Amazon also reduced pricing for the service yesterday, which may be good for future subscribers, but is really annoying for those who already had subscriptions and just renewed for more money. Anyone who spent several weeks uploading music files one year ago likely didn't want to let their subscription lapse and have to repeat the entire process. Amazon waited a couple of weeks until everyone up for renewal was billed for a new year, then, less than a month later, they fundamentally changed the service's functionality and lowered the pricing.
I completely understand that Amazon's terms and conditions for the service give them the right to do this, and I also expect that early adopters often pay more for goods and services as prices drop. However, it's clear that Amazon was being quite coy here. They also issued an iPhone cloud player app shortly before "unlimited music" subscribers had to decide whether to renew, incentivizing re-subscribing.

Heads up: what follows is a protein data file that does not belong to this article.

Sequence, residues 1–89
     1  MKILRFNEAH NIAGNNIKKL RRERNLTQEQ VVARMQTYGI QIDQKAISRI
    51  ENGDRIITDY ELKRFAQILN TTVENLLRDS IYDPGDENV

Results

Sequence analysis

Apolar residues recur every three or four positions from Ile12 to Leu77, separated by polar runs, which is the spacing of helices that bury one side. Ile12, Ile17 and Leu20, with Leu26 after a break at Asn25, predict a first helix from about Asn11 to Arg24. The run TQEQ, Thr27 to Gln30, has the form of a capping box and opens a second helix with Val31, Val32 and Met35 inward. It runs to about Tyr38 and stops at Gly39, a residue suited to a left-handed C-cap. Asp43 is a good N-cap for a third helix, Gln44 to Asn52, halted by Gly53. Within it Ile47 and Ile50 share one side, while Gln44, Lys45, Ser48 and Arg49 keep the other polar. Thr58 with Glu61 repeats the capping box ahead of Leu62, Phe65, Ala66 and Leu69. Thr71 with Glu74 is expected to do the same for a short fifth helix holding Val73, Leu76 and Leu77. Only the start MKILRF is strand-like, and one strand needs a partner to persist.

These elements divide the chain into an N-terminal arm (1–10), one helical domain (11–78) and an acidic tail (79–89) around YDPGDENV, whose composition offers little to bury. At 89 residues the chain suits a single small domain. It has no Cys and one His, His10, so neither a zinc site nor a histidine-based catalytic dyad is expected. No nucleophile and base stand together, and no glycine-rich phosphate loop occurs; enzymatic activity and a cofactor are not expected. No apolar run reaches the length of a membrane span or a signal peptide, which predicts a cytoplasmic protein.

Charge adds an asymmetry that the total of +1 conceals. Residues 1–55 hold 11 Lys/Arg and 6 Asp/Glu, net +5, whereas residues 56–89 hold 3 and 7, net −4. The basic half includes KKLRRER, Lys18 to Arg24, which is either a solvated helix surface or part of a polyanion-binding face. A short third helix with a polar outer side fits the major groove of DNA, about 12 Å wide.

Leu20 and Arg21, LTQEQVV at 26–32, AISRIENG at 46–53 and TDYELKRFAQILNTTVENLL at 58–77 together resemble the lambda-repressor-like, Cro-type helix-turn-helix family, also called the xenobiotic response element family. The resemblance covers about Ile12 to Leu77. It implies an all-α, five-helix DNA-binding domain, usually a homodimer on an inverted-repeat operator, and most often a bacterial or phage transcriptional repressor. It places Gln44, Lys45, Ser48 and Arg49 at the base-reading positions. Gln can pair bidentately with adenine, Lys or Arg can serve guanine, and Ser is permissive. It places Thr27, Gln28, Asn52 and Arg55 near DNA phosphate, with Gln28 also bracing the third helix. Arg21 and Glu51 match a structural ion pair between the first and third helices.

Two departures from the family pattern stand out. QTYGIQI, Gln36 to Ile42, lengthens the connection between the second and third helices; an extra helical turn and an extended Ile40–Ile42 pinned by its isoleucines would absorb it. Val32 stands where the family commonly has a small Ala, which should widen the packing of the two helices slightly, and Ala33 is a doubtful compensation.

It's clear that the new service is great for Amazon, as it allows them to de-duplicate their data and significantly reduces their bandwidth costs. It also may be a good thing for many customers who can get sanitized versions of their music files. As my original post mentioned, however, some users of the service saw the appeal of uploading and unlimited number of their personal music files (e.g., with meticulously edited album artwork, tags, and the exact compression they wanted). Without notice, Amazon is essentially replacing all these files for paid subscribers with different files, which sets a really bad precedent not just for music, but for cloud storage services in general. While I'm sure some users prefer the new functionality, others don't and it would have been better to allow users to opt in/out.
The other big story here is that at least some of the labels seem to have offered Amazon similar terms to Apple, showing that Apple's agreement for Match is not exclusive. In Netflix v. Amazon (video streaming) and Apple v. Amazon (music stores/matching), Big Content seems reluctant to let any one player dominate.
Regarding the press release: yes, it's official, it's linked from Amazon's more recognizable Amazon.com domain; for whatever reason, they post their press releases on a different domain.